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Department of the Interior Announces Host for Midwest Climate Adaptation Science Center

Center Forms Consortium of Partners to Tackle Climate Crisis

 

Last week, the U.S. Geological Survey finalized an agreement with the University of Minnesota and seven other partner organizations to form a new Midwest Climate Adaptation Science Center.

 

The center will advance scientific research and education in response to climate change impacts in the Midwest.

 

"Adaptation needs to be front and center in addressing the climate crisis, and for that the Midwest needs reliable science and solutions that are appropriate to the local landscapes and cultural contexts. This center is a critical investment in the future of the region," said Secretary of the Interior Deb Haaland.

 

The USGS team will be hosted at the University of Minnesota's Institute on the Environment. Partner organizations include the University of Wisconsin-Madison, the College of the Menominee Nation, the Great Lakes Indian Fish and Wildlife Commission, Michigan State University, Indiana University, the University of Illinois, and the Nature Conservancy. Member organizations were selected after an open competition and extensive review by scientific experts.

 

Together, the CASC organizations will work closely with federal, state and tribal entities in Minnesota, Wisconsin, Michigan, Iowa, Missouri, Illinois, Indiana, and Ohio to support management and protection of land, water, and natural resources with actionable climate science, innovation, and decision support tools. This region was previously served by a CASC in the 22-state Northeast region.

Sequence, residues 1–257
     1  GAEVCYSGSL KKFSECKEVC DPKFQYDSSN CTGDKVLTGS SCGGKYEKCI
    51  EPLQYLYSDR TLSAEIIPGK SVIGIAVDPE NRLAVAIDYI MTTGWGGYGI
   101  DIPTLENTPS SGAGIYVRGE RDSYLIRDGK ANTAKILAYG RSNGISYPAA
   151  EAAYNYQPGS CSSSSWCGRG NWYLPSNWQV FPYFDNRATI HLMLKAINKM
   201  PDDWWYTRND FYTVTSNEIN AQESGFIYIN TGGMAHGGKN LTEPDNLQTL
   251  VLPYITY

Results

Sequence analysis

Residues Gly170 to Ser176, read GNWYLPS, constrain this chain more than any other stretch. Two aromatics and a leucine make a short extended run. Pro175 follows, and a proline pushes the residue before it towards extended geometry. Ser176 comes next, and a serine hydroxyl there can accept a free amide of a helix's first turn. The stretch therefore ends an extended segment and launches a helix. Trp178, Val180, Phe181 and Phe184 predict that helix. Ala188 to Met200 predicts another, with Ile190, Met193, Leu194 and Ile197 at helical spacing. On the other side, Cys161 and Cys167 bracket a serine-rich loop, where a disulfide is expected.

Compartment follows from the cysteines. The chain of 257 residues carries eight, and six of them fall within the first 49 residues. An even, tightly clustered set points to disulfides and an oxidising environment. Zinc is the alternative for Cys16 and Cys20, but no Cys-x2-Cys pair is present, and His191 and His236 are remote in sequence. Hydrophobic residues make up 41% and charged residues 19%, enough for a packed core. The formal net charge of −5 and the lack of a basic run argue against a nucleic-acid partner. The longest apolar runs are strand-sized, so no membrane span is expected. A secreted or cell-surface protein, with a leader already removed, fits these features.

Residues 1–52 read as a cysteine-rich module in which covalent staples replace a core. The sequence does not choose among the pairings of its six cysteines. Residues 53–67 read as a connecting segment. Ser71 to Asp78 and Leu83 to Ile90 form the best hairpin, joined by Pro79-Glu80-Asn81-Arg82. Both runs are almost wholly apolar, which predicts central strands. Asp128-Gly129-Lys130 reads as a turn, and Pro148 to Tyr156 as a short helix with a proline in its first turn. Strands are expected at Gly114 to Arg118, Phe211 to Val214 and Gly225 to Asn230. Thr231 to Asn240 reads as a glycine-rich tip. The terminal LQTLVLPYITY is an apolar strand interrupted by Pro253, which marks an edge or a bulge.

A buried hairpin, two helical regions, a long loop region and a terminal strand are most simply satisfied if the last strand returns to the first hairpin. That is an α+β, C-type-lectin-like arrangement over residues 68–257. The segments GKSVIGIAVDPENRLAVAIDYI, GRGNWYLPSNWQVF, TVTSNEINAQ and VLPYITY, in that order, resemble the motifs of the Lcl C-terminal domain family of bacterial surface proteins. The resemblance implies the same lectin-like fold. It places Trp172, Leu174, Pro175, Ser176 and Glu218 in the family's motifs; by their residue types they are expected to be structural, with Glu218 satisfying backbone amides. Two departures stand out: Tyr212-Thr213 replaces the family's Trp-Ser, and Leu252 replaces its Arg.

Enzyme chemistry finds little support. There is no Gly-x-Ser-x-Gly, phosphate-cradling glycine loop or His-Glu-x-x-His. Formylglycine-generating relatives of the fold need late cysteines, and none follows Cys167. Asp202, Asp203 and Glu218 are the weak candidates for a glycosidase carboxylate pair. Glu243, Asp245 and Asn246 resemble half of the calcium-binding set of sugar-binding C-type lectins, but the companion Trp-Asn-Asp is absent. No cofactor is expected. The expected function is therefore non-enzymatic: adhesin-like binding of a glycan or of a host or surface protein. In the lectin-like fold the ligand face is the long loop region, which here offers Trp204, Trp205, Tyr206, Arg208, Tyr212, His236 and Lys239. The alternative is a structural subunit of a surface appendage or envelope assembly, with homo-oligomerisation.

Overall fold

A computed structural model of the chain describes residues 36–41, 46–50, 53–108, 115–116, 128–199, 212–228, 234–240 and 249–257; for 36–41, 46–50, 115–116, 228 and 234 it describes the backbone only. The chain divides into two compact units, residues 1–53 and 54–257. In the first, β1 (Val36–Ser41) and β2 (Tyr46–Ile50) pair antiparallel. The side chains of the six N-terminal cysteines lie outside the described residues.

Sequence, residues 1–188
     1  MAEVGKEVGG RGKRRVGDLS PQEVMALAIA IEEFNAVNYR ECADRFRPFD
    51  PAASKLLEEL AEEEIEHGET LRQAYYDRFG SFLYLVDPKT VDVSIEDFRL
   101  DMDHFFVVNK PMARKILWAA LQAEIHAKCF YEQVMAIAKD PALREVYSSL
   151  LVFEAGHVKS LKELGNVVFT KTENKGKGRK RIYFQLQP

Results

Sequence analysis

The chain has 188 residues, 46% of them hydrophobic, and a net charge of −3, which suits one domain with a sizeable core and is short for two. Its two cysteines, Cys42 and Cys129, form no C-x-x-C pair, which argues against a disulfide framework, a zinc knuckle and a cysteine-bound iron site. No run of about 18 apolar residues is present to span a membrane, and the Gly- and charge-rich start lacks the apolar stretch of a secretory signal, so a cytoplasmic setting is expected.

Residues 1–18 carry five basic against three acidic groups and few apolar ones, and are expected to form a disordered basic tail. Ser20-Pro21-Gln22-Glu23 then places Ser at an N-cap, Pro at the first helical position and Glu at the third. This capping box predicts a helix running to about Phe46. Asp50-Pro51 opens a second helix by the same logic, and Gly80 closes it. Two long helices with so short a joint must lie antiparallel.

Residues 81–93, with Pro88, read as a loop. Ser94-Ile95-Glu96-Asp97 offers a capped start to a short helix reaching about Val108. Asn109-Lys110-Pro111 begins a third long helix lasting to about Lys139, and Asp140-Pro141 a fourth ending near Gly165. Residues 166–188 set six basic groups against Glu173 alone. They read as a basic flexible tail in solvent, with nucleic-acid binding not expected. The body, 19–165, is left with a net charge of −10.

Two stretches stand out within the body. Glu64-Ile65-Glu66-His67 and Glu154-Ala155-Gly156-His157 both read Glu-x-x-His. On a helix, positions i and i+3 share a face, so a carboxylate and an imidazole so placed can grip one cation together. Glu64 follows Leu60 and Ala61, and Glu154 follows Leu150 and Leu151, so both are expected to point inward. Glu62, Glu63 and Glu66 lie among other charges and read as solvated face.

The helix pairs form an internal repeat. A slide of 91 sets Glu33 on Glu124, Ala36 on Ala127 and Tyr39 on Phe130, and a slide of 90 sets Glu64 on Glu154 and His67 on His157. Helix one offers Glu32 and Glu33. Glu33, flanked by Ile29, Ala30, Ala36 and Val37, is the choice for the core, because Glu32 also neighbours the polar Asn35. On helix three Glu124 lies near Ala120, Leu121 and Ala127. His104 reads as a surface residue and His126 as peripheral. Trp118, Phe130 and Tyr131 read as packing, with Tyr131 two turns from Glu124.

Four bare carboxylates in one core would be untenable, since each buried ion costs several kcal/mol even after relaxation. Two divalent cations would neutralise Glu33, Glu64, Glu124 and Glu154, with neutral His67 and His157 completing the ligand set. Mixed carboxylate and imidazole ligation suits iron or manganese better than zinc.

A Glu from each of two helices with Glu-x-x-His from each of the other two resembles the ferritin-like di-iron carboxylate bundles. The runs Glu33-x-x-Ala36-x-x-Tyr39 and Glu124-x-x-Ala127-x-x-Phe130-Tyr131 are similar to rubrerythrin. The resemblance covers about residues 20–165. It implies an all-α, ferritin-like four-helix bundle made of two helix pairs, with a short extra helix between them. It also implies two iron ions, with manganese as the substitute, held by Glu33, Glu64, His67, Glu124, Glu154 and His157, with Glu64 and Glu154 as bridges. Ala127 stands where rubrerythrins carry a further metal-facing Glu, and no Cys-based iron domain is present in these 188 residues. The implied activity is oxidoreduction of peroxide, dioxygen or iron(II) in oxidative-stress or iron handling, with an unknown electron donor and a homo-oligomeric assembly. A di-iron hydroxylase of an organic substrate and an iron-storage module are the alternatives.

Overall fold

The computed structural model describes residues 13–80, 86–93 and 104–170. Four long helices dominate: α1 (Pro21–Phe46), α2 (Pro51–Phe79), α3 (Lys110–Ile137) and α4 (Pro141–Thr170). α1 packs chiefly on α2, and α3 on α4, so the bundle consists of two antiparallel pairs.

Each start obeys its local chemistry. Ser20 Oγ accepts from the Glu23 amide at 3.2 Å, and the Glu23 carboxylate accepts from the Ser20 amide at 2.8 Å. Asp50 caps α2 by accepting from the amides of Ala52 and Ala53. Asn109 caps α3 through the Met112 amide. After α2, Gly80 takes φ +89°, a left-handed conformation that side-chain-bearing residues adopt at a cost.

"We are excited to work with the University of Minnesota and the partners in the consortium to focus on the needs of the Midwest. The integration of the Great Lakes Indian Fish and Wildlife Commission and the College of Menominee Nation in the Midwest CASC will allow us to work directly with tribes to address priority climate change issues," said Doug Beard, USGS National Chief of Climate Adaptation Science Centers.

 

The consortium will pay special attention to Tribal concerns by building on the experience of Midwest Tribes with adaptation science and practice, through a fellowship program for graduate students and a summer research experience for undergraduates designed to enhance Tribal participation.

 

"We are looking forward to connecting researchers with Tribal college students and Indigenous undergraduates. This will provide Tribal college students experiences working on cutting edge climate change research while also providing researchers the opportunity to collaborate with tribal nations," said Tom Kenote Jr, the Geoscience Project Director at the College of Menominee Nation Sustainable Development Institute.

 

Another key focus will be the interplay of natural resources, forestry, streams and wetlands, and agricultural and urban areas - all land uses that are prominent in the Midwest.

 

CASC will fund also individual research projects and work collaboratively across the consortium on key issues in the region that also involve adaptation practitioners. Research will focus on climate adaptation to better understand vulnerabilities to climate change, development of ecologically and culturally appropriate adaptation actions, and creating monitoring methods designed to continuously improve outcomes through changing conditions.

 

The partnership will be effective immediately, with a formal ribbon cutting celebration planned on the University of Minnesota-Twin Cities campus later this fall.